How to Survive a Motorbike Crash

Three Methods:Colliding WellProtecting YourselfPreventing a Crash

Nobody wants to crash. Life would be much better if enjoying a day on your motorbike never ended with your body on the pavement. Unfortunately, we know all too well that it can. So the best courses of action are to protect your body from injury, understand what to do if accident conditions should arise, and to take steps to prevent an accident from occurring. By doing these things, you can better enjoy your time on your bike.

Method 1
Colliding Well

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    Apply your brakes. When you encounter an obstruction, you should react quickly, applying both brakes. Naturally, the front brake is the most powerful brake, so you should always lead with that one. Use the rear brake to even out the distribution of your weight. Rather than slamming on your front brake, apply pressure progressively. This will prevent you from locking your front brake.[1]
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    Select your crash point. Many times, you will have no choice in the matter. However, if you know that you are about to crash, it is worth considering the best place for impact, and aiming toward it. This is best done without your brake applied. [2]
    • For example, you never want to head into on-coming traffic.
    • You also want to avoid hitting anything head on.
    • So if you are going to make impact, try to steer so that you collide sideways instead.
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    Stay on the bike. The truth is, you should almost never bail. You should likewise avoid laying the bike down. You will do best at surviving an accident if you stay connected to your machine. If you exit the vehicle, you may slide for a long distance, possibly in the direction of oncoming cars. You could even end up hurting an innocent bystander.[3]
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    Slide well. In the event of a slide, you need to stay relaxed. Although it will be difficult, you’ve got to loosen your muscles and let it happen. If you can stay loose and calm, you will sustain fewer injuries. Simply concentrate on keeping your face off the pavement.[4]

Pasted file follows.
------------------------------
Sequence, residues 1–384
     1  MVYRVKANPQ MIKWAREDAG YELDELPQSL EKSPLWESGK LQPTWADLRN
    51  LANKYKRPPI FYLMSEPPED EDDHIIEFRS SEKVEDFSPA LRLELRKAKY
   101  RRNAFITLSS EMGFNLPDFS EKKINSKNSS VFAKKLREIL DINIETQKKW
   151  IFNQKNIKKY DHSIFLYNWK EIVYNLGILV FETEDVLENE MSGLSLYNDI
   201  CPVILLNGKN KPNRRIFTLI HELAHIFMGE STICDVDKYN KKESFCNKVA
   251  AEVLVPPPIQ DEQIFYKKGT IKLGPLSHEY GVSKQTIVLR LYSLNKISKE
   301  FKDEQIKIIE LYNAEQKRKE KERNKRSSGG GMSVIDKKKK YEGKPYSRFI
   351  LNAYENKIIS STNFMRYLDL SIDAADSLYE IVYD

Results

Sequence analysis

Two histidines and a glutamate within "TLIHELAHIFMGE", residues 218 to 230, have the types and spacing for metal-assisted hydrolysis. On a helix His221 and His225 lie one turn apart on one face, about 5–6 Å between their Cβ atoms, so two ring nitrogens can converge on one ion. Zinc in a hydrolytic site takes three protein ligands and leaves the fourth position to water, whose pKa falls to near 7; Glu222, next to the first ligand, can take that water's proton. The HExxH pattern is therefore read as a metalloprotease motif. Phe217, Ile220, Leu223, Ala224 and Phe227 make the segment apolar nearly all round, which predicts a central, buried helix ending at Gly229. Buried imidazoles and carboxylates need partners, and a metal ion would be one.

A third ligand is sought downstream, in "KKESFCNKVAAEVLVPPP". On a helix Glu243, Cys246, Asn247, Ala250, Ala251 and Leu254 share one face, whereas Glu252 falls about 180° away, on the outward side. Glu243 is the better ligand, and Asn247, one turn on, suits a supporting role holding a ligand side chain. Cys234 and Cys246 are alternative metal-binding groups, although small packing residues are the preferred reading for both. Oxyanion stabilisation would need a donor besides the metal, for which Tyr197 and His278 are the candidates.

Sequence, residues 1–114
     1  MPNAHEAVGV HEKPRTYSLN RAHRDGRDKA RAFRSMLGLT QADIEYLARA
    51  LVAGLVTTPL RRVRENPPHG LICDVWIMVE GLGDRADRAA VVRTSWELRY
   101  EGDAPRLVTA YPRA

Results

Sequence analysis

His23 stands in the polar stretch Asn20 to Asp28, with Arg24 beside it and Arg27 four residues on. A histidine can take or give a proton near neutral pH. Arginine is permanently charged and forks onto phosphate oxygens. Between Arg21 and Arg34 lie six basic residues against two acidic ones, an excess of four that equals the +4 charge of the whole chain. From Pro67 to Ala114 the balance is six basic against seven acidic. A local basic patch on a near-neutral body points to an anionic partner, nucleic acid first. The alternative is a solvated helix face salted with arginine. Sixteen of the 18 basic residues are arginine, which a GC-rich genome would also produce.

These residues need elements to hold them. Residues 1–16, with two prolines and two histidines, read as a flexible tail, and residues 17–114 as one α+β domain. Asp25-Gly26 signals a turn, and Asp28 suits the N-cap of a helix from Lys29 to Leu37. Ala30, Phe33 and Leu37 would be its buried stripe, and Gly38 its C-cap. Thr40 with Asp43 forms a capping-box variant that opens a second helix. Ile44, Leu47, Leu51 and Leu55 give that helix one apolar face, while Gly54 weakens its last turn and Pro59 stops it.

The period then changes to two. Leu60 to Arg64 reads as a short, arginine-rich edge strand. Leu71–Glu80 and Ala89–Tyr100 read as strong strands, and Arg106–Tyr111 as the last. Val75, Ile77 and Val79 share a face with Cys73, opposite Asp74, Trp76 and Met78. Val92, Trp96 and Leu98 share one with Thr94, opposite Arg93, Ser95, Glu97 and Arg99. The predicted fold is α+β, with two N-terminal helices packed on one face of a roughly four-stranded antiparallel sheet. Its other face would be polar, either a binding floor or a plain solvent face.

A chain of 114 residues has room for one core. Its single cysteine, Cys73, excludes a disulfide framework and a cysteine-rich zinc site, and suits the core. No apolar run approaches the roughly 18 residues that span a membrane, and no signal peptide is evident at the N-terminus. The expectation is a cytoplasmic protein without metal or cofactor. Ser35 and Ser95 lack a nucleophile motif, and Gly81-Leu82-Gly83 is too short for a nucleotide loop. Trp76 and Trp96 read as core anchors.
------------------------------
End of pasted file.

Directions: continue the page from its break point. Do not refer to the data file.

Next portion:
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    Prepare your body to roll. If an impact is not avoidable, then you will need to do what you can to protect your body from serious injury. One way of minimizing injury is to use the tuck and roll method.[5] Or, you can also use a controlled roll.[6]
    • A tuck and roll might be helpful if you see crash coming while you are still on your bike. To get into a tucked position, pull your knees into your chest, cross your arms over your chest, and tuck your head down towards your chest. Then, try to relax and roll as you crash.
    • A controlled roll is best after a slide or if you come off of your bike close to the ground. For a controlled roll, place your arms above your head and keep your legs straight. Then, allow your body to roll until it stops on its own.[7]
    • Keep in mind that you should not use the tuck and roll or controlled roll unless you have no other options. If you have no other choice but to crash, then getting into this position should not be to difficult.
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    Manage the accident. Once the dust settles, hopefully you will be able to stand up and brush yourself off. Now you must call the police and exchange information with the other driver. Use your phone to take a photograph of the other driver’s insurance card (both sides), and allow them to do the same with yours. Call the local police and wait for them to arrive. They will have questions for you and may issue one or both of you a ticket.
    • If you are seriously injured, ask someone to call 9-1-1 and get into an ambulance.
    • If you do not have the ability to take a photograph, simply write down the info from their insurance card.
    • Stay calm, even if it was the other driver’s fault. Yelling and getting upset will not help anything.

Method 2
Protecting Yourself

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    Wear a helmet. Wearing a high-quality motorcycle helmet is the number one way to protect yourself and ultimately survive a motorbike crash. Be sure that your helmet is in good condition, without cracks. Additionally, many states have helmet laws making it illegal to ride without one.[8]